Houston-area hospitals would not have enough resources to respond to a widespread outbreak of the coronavirus unless they take strong action to significantly increase capacity, according to new calculations released by Harvard University.
Even in the most conservative of three outbreak scenarios that it created, the Harvard Global Health Initiative found that Houston-area hospitals would lack the necessary beds to care for all patients in need of hospitalization. In a worst case scenario, it would need four times the number currently available in the region.
In the middle scenario — if 40 percent of adults contract the virus over a 12-month period and a fifth of them require hospitalization — more than 430,000 people would be hospitalized in that time. That would require 14,300 beds on an average day, nearly three times the estimated number currently available in Houston.
“We simply do not have enough hospital capacity to assume all of those people,” Harris County Judge Lina Hidalgo said last week, assuming 30 percent of county residents were to become sick at the same time. “We can’t afford to have a sudden spike in cases.”
The Harvard initiative data, taken from what’s known as a modeling exercise, don’t constitute predictions so much as they provide scenarios that hospital and policymakers can take into account in planning for a possible surge of the epidemic of COVID-19, the respiratory disease caused by the coronavirus. The data was produced at local hospital market-specific levels because “how many beds are available in Boston is irrelevant to a person in Utah,” said Ashish K. Jha, director of the institute.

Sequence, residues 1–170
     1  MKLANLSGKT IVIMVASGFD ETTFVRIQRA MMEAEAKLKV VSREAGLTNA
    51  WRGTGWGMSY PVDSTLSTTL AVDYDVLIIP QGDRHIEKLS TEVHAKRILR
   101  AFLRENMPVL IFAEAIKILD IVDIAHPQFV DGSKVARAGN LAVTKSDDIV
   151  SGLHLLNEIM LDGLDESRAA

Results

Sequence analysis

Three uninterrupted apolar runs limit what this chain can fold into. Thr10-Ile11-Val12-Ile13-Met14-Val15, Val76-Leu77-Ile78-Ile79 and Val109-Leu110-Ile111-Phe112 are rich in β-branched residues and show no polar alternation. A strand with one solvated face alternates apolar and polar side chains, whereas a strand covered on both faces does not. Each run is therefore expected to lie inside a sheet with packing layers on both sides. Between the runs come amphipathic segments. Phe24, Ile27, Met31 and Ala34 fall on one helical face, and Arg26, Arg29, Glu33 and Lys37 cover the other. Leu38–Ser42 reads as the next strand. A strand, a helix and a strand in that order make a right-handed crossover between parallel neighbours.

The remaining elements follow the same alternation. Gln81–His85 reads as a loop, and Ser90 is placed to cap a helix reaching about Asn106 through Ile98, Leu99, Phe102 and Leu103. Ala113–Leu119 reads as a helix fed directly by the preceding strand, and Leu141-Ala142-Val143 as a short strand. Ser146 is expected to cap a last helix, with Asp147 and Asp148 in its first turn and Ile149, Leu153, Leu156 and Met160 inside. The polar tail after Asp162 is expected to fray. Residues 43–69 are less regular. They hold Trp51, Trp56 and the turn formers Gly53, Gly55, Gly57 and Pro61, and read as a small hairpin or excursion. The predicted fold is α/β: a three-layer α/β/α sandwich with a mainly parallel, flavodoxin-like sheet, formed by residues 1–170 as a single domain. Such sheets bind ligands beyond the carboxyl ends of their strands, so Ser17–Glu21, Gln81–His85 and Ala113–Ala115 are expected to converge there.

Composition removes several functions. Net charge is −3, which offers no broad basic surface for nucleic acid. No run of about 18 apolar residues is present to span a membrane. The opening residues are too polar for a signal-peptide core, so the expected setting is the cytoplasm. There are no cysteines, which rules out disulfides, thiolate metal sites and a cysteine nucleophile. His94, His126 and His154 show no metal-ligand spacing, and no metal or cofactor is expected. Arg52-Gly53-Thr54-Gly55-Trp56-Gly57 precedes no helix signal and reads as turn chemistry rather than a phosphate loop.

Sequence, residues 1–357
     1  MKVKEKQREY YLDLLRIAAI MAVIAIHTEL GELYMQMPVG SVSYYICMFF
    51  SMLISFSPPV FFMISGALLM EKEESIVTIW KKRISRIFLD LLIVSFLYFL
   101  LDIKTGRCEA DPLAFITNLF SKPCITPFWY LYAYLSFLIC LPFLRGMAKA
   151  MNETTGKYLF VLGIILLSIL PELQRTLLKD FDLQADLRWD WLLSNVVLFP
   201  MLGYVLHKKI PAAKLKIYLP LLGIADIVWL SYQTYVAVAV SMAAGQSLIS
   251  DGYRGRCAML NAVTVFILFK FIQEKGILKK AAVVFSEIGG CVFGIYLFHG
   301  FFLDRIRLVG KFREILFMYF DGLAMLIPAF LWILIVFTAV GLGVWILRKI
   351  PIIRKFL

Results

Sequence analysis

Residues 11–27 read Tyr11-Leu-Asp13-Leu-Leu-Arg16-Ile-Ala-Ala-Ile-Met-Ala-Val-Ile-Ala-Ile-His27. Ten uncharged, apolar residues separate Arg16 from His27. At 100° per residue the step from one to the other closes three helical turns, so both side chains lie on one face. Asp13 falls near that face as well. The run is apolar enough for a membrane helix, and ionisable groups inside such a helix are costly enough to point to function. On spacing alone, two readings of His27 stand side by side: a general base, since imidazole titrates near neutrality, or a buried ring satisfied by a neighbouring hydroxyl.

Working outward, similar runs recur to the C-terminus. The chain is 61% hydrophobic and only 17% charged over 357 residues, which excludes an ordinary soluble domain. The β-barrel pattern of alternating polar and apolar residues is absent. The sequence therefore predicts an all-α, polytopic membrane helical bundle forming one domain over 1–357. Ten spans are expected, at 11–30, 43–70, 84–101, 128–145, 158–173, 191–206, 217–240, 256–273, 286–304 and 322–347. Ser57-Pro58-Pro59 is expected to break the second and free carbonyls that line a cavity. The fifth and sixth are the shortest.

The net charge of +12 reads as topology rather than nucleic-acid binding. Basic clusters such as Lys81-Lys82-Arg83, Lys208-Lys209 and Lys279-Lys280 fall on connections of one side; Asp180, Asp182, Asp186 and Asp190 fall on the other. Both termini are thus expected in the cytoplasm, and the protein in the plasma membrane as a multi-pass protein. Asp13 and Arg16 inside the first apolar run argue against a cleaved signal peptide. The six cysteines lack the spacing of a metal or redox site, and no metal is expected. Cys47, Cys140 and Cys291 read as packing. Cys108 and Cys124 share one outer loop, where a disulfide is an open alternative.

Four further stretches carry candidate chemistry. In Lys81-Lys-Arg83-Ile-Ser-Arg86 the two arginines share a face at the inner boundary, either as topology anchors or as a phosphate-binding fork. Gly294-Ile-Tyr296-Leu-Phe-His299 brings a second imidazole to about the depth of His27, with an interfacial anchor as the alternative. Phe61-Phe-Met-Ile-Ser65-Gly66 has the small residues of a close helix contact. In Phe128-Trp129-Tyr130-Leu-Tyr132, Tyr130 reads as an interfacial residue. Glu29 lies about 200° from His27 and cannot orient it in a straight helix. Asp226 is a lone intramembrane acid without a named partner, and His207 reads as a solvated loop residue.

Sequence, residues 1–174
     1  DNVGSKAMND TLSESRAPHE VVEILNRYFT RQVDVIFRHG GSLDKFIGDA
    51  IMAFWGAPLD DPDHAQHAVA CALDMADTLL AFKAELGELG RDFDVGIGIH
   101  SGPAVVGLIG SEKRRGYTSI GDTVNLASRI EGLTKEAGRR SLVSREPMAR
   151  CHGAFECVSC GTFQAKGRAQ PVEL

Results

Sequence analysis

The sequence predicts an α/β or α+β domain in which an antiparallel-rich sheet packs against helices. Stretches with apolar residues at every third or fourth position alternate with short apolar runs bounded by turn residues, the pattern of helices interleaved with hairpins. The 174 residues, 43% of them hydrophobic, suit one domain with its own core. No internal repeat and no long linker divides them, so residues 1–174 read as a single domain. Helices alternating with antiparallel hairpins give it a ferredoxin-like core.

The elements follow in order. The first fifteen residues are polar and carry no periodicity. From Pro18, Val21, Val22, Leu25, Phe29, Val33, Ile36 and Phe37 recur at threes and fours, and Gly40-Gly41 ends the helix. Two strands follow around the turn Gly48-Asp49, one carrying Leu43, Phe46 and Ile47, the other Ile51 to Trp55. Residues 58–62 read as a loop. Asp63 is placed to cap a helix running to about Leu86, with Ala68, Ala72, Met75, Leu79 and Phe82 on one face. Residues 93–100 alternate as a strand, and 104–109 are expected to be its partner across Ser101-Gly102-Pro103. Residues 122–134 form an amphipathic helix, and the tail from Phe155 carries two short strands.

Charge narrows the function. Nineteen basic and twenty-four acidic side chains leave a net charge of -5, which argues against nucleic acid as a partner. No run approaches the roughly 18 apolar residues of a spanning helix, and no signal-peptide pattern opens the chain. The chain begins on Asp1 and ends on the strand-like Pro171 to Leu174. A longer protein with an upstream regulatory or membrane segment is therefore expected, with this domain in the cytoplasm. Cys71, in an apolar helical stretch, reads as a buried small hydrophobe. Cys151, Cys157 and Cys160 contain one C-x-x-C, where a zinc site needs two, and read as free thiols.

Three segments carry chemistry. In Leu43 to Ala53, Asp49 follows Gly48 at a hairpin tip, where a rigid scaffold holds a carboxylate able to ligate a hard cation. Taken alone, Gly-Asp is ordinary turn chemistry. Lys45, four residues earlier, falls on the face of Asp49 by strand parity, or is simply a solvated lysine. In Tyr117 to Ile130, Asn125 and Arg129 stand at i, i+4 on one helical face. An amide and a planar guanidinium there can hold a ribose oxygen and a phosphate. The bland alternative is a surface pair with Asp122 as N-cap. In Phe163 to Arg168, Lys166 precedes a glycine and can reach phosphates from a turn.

The study, released Tuesday, modeled nine scenarios. The scenarios use infection rates of 20 percent, 40 percent and 60 percent and outbreak spans of six, 12 and 18 months.
A 20 percent infection rate over 18 months would mean fewer people caught COVID-19 than fell ill to the flu last year, according to an analysis by ProPublica. Previous studies have suggested the virus is more transmissible than the flu.
The study assumes that hospitals will not free up occupied beds by delaying elective procedures or sending people home early. It also assumes hospitals will not add beds.
The Harvard calculations were criticized by some policy experts and doctors, who said not enough is known about the spread of COVID-19 to make meaningful assumptions.
“It’s incredibly hard to (make) projections about what’s going to happen because this is a unique first-time event and we have so little data,” said Vivian Ho, a Rice University health economist. “Because we don’t have that much testing, we do not know how quickly it’s spreading, what percent of cases are serious, if we can target hot-spot areas and essentially shut them down.”
Ho added, “I hope there’s something wrong with their assumptions because if not, we’re doomed.”
I’m not an expert, but I do know that Houston hospitals are in fact now suspending elective procedures, so that should help. I have hope that all this social distancing we are doing will help, too. Beyond that…man, I don’t know. I can’t wrap my mind around the possible bad outcomes we may face. I have hope because the other options are just too grim.